# ggplot2: Logistic Regression - plot probabilities and regression line

I have a data.frame containing a continuous predictor and a dichotomous response variable.

``````> head(df)
position response
1        0        1
2        3        1
3       -4        0
4       -1        0
5       -2        1
6        0        0
``````

I can easily compute a logistic regression by means of the `glm()`-function, no problems up to this point.

Next, I want to create a plot with `ggplot`, that contains both the empiric probabilities for each of the overall 11 predictor values, and the fitted regression line.

I went ahead and computed the probabilities with `cast()` and saved them in another data.frame

``````> probs
position   prob
1        -5 0.0500
2        -4 0.0000
3        -3 0.0000
4        -2 0.2000
5        -1 0.1500
6         0 0.3684
7         1 0.4500
8         2 0.6500
9         3 0.7500
10        4 0.8500
11        5 1.0000
``````

I plotted the probabilities:

``````p <- ggplot(probs, aes(x=position, y=prob)) + geom_point()
``````

But when I try to add the fitted regression line

``````p <- p + stat_smooth(method="glm", family="binomial", se=F)
``````

it returns a warning: `non-integer #successes in a binomial glm!`. I know that in order to plot the `stat_smooth` "correctly", I'd have to call it on the original `df` data with the dichotomous variable. However if I use the `df`data in `ggplot()`, I see no way to plot the probabilities.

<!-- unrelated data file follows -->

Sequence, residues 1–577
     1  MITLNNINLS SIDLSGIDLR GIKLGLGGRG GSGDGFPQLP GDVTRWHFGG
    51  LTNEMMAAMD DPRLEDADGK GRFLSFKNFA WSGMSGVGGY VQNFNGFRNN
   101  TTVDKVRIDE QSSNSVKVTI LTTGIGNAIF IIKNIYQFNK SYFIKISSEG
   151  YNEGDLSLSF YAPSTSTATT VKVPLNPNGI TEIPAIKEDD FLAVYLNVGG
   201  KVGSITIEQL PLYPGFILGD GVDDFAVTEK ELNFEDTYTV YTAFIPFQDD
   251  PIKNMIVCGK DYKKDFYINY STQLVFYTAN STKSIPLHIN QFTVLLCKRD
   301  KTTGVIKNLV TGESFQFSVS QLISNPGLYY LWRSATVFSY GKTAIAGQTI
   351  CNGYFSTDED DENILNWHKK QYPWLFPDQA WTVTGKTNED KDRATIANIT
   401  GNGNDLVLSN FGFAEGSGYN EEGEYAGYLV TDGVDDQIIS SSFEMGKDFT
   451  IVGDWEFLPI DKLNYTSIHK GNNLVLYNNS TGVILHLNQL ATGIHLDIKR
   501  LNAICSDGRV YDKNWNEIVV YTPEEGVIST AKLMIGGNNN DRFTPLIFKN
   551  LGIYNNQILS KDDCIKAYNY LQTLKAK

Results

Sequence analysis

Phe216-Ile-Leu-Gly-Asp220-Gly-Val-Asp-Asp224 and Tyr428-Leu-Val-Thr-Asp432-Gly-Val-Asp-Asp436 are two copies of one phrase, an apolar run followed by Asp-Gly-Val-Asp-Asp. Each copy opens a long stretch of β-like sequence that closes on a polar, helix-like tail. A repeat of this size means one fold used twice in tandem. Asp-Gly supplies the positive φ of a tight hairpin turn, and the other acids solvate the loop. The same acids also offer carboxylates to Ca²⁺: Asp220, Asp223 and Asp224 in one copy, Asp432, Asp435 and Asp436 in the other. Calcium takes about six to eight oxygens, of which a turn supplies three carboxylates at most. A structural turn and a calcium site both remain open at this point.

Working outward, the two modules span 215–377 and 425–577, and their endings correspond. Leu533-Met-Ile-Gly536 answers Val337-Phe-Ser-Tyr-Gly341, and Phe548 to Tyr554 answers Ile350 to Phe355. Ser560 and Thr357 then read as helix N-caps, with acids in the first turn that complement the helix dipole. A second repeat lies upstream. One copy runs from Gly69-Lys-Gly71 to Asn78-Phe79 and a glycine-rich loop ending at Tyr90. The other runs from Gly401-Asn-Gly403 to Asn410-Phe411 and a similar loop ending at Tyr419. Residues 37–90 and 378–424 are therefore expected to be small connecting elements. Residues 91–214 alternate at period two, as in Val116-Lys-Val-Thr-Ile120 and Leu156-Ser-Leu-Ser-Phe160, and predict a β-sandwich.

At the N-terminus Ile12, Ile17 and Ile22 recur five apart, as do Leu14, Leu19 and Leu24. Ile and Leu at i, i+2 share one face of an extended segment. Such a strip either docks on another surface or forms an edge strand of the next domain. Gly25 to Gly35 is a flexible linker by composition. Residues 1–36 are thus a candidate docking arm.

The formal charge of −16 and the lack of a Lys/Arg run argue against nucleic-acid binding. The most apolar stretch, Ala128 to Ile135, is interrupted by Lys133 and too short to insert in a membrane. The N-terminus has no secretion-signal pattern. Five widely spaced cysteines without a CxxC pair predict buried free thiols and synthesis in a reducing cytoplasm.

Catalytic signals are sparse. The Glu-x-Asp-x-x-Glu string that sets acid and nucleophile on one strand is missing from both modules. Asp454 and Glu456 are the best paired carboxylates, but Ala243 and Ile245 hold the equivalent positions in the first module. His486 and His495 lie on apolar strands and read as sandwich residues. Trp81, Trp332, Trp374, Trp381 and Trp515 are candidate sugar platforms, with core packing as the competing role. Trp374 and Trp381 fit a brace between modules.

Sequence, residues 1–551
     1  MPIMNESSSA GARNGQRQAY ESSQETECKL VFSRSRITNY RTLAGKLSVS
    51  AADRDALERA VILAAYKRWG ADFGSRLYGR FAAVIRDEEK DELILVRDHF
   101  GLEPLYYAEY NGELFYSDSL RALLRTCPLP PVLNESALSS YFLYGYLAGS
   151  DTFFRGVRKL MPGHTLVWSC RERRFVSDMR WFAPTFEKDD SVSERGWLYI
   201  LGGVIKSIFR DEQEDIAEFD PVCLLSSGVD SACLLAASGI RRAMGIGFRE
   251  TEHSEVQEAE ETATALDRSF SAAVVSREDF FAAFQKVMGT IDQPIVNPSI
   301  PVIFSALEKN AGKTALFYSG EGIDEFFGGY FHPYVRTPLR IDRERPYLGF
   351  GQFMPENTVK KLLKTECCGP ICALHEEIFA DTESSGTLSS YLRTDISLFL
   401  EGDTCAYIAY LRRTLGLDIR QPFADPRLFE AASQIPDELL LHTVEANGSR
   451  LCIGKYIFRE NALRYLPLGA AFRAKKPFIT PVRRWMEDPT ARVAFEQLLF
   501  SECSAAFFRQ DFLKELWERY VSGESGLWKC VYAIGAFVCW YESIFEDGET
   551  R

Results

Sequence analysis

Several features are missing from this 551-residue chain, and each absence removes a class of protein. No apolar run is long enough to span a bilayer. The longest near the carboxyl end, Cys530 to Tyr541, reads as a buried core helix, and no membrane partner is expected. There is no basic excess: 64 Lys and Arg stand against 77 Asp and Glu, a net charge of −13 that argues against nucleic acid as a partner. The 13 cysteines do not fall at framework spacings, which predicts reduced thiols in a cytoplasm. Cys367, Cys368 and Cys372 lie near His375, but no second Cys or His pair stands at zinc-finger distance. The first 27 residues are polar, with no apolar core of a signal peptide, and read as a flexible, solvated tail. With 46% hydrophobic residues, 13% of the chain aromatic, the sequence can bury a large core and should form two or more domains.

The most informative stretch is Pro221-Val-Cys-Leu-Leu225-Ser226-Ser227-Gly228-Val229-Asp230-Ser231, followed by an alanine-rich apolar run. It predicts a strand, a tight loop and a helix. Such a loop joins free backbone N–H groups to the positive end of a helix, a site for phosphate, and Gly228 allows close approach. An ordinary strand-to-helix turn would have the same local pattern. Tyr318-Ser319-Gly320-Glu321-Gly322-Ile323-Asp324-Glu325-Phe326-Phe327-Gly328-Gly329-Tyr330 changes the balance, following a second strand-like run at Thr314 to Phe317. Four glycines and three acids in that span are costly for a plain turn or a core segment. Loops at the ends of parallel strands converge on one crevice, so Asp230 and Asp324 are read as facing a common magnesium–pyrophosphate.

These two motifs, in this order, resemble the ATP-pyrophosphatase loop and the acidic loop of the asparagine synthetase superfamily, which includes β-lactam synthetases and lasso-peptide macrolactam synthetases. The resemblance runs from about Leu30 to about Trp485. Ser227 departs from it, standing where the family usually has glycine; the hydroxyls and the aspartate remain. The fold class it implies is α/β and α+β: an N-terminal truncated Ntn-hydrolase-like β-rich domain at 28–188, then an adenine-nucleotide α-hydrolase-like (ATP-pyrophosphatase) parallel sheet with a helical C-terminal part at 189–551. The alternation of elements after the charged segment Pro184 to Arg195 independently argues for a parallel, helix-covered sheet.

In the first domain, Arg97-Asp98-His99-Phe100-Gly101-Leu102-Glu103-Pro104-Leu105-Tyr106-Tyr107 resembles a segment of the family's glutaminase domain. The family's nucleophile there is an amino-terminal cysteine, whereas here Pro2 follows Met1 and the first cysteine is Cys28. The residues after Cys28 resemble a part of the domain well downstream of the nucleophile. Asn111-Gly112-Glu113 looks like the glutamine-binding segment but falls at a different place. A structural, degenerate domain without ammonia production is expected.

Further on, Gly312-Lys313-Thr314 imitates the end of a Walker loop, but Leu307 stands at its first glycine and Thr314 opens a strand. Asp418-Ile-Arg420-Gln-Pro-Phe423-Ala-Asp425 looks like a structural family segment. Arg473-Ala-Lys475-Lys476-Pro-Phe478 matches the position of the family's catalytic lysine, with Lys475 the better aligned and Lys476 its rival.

How can I combine the probabilities and the regression line in one plot, in the way it's meant to be in ggplot2, i.e. without getting any warning or error messages?

• Plot the data and the `+stat_smooth` first, and then add the line plot for the probabilities you want with a call to: `+geom_line(aes(x=position, y=prob), data=probs)`. Untested in the absence of a data example. – 42- Jun 9 '13 at 16:19

There are basically three solutions:

## Merging the data.frames

The easiest, after you have your data in two separate `data.frame`s would be to merge them by `position`:

``````mydf <- merge( mydf, probs, by="position")
``````

Then you can call `ggplot` on this `data.frame` without warnings:

``````ggplot( mydf, aes(x=position, y=prob)) +
geom_point() +
geom_smooth(method = "glm",
method.args = list(family = "binomial"),
se = FALSE)
``````

## Avoiding the creation of two data.frames

In future you could directly avoid the creation of two separate data.frames which you have to merge later. Personally, I like to use the `plyr` package for that:

``````librayr(plyr)
mydf <- ddply( mydf, "position", mutate, prob = mean(response)  )
``````

## Edit: Use different data for each layer

I forgot to mention, that you can use for each layer another `data.frame` which is a strong advantage of `ggplot2`:

``````ggplot( probs, aes(x=position, y=prob)) +
geom_point() +
geom_smooth(data = mydf, aes(x = position, y = response),
method = "glm", method.args = list(family = "binomial"),
se = FALSE)
``````

As an additional hint: Avoid the usage of the variable name `df` since you override the built in function `stats::df` by assigning to this variable name.

• Thanks a lot! The second alternative seems pretty elegant. I guess I have to delve into the `plyr` package a bit. Seems pretty useful! – vincentqu Jun 9 '13 at 17:05
• This code no longer works. `Error: Unknown parameters: family`. One has to use `stat_smooth(method="glm", se=F, method.args = list(family="binomial"))`. The `...` passes the family parameter to the layer, not the method. – Deleet Oct 3 '16 at 10:07